Teaching Our Kids to be Kind

Children holding handsToday was our first day back to school. My son was nervous to begin 4th grade. New kids, a new teacher, a different schedule, and harder work all made for a bit of a nervous tummy today. I assured him that everyone was nervous today. Going back to school is both exciting and scary. But I told him he’d have a great year, and make new friends along the way. The thing was, on the inside I was also nervous about him starting a new year. Would the kids be kind to him? Would he be bullied because he was “different”? Would his self-esteem take a hit from his own feelings of inadequacy?

All I can do is pray that the parents of these classmates have taught their own children to be kind and compassionate.

As we entered the school building, a little girl who my son knew from his class last year called out, “Hi Joey!”

He immediately walked over to her, and reached out his hand to grab hers. She let him. “Hi”, he said. “Who’s your teacher?”

The kids found out that they had the same teacher and were so excited. Joey probably more than his friend, but still she seemed happy too. Then she leaned in, and hugged him. That hug was just what he needed to bring his anxiety down. It was a loving physical gesture that said to him, “I’m happy to be your friend.”

1 Peter 3:8 Finally, all of you, have unity of mind, sympathy, brotherly love, a tender heart, and a humble mind.

Sometimes we may think teaching our kids to be kind is the same thing as teaching them not to bully others. It’s similar, but not the same. Just because our kids are taught to not make fun of others, doesn’t mean they know how to initiate a friendly conversation with a child who has a physical disability, or how to include a classmate with learning differences into their play group. What happens is that they avoid people who have physical or neurological differences because they’re unfamiliar with HOW to approach others who are thought of as weird because of their differences.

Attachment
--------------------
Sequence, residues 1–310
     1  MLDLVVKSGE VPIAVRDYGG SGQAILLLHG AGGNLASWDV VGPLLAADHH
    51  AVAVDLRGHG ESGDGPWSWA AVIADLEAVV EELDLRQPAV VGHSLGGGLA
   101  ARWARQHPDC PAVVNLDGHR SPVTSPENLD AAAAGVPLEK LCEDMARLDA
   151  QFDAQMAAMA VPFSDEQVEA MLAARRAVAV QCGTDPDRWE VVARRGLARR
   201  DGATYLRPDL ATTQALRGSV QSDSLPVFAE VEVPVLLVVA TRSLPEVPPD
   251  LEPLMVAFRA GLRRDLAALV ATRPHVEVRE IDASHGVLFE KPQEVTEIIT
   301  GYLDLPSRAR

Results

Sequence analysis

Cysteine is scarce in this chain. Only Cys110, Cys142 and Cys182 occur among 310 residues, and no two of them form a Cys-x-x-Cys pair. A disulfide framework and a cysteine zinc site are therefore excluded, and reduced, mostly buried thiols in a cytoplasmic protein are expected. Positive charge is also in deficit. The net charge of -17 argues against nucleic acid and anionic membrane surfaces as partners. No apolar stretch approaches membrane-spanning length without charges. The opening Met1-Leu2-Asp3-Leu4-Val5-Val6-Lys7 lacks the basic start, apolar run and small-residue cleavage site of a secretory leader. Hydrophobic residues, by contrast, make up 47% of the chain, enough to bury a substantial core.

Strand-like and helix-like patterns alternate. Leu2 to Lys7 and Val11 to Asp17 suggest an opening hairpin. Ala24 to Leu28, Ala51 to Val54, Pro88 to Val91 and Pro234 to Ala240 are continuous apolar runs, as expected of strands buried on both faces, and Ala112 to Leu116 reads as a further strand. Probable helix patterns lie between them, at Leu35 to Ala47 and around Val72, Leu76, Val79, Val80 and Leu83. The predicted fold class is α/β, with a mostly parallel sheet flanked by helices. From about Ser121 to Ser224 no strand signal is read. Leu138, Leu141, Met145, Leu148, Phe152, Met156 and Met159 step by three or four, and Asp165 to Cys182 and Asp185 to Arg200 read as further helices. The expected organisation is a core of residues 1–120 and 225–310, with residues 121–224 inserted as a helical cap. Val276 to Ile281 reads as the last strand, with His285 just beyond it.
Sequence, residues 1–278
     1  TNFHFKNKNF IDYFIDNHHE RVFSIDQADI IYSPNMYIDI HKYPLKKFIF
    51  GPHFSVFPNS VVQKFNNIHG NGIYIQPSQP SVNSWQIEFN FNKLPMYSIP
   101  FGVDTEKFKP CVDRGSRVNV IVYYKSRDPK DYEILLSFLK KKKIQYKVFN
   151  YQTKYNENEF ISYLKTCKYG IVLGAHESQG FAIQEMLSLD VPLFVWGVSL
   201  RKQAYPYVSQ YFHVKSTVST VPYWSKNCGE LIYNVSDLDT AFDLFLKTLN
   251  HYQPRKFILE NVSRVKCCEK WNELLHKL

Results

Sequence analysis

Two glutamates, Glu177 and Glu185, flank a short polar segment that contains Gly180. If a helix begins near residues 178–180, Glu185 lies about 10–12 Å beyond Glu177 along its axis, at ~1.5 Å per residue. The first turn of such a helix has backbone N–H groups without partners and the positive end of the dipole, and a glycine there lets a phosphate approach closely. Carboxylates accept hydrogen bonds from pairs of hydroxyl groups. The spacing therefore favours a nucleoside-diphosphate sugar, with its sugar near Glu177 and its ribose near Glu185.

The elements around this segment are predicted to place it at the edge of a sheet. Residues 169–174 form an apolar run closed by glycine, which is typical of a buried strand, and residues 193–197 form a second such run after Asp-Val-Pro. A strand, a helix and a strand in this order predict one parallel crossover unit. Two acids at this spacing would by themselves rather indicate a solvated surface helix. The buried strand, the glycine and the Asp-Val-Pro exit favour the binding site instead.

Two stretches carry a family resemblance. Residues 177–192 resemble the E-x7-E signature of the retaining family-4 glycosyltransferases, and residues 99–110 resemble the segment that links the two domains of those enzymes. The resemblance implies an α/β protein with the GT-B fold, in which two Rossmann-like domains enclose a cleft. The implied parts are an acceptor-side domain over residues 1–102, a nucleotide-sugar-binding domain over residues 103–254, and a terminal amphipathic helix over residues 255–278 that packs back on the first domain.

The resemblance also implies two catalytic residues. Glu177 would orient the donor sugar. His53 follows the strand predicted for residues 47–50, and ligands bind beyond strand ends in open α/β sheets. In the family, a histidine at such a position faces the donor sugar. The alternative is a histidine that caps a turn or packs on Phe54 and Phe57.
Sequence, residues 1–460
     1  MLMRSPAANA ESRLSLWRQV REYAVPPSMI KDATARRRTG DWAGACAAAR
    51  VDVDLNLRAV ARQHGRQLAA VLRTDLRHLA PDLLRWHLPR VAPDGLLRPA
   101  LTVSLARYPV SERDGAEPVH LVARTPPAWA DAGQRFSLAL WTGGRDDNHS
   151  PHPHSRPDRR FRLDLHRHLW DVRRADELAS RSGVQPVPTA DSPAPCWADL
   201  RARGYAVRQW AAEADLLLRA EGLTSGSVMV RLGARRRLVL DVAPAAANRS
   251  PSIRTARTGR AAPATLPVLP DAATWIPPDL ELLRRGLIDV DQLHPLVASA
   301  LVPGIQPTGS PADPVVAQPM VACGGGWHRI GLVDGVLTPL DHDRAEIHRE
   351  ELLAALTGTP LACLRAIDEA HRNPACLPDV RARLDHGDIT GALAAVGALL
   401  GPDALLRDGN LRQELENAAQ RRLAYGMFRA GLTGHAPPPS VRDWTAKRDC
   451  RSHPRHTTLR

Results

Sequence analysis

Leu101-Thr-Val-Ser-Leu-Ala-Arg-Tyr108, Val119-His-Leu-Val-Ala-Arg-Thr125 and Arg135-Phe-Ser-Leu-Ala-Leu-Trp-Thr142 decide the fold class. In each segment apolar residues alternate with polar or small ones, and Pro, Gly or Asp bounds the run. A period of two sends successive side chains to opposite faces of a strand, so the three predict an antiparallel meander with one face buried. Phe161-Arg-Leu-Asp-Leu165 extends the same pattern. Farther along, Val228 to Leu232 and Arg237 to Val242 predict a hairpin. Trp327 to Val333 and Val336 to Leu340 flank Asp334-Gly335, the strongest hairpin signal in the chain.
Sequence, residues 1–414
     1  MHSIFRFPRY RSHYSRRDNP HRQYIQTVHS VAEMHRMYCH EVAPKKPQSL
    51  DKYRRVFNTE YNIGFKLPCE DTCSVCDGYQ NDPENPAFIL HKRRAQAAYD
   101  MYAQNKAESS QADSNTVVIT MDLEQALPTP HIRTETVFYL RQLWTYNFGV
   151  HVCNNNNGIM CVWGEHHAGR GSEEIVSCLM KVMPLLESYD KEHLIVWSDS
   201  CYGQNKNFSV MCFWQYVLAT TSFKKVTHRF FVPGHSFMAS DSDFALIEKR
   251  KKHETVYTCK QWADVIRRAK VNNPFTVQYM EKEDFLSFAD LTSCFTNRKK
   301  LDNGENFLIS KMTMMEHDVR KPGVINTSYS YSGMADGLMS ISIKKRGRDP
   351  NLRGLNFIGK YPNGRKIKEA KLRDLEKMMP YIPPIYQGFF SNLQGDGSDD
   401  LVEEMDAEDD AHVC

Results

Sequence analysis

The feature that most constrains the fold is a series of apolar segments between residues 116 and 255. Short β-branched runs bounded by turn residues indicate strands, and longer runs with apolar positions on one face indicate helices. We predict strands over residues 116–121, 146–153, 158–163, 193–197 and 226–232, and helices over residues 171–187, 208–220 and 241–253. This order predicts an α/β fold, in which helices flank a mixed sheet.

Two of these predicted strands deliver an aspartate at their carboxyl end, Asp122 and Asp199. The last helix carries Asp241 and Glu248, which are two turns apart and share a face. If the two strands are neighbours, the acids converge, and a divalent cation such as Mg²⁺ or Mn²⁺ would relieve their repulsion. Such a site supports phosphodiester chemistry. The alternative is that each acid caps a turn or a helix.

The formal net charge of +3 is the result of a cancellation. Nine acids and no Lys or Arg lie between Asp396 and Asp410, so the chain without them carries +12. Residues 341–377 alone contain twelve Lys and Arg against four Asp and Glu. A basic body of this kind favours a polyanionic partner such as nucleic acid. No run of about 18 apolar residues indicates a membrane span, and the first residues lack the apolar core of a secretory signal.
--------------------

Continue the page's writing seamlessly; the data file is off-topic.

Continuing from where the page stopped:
1 John 3:18 Little children, let us not love in word or talk but in deed and in truth.

As the mother of a child who has special needs, I can tell you it’s okay to come up to me and ask me about my son’s autism. Let’s not make it such a scary word which we mistakenly think only means “mentally disabled”. Because, well… he’s not. Instead, I prefer to speak about the “differences” which make my son the person God has wired him to be. Not less than an other kids, just different. It’s okay that you may not know what autism means, or that the only experience you have with autism is watching Rainman. I understand that concept.

I’m very confident that you can go up to most any parent of a special needs child from school or church and tell them you’d like to learn about their child’s differences so you can better equip your own child in an understanding, enabling them to be a loving friend. These parents will more than likely hug you, as they hold back tears of joy, and then talk to you about specific ways their child desperately needs a true friend. We all long for friends. Not avoiders because we’re so weird. Not just tolerators because we are judged unapproachable. Friends… the kind that make nervous tummy aches go away with a simple hug.

Christ-centered compassionate kids grow into kind, loving, Christ-centered compassionate adults. What a beautiful legacy, and what a positive change our kids can make in this world!

Lisa-StrnadLisa Strnad is a weekly contributing writer/blogger to What’s in the Bible? and JellyTelly. She has been a homeschooling mom of two, who works independently in Christian media in the areas of writing, promotions and marketing. She lives with her husband and children in Nashville,TN. Follow her personal blog posts on Talking Like A Girl.

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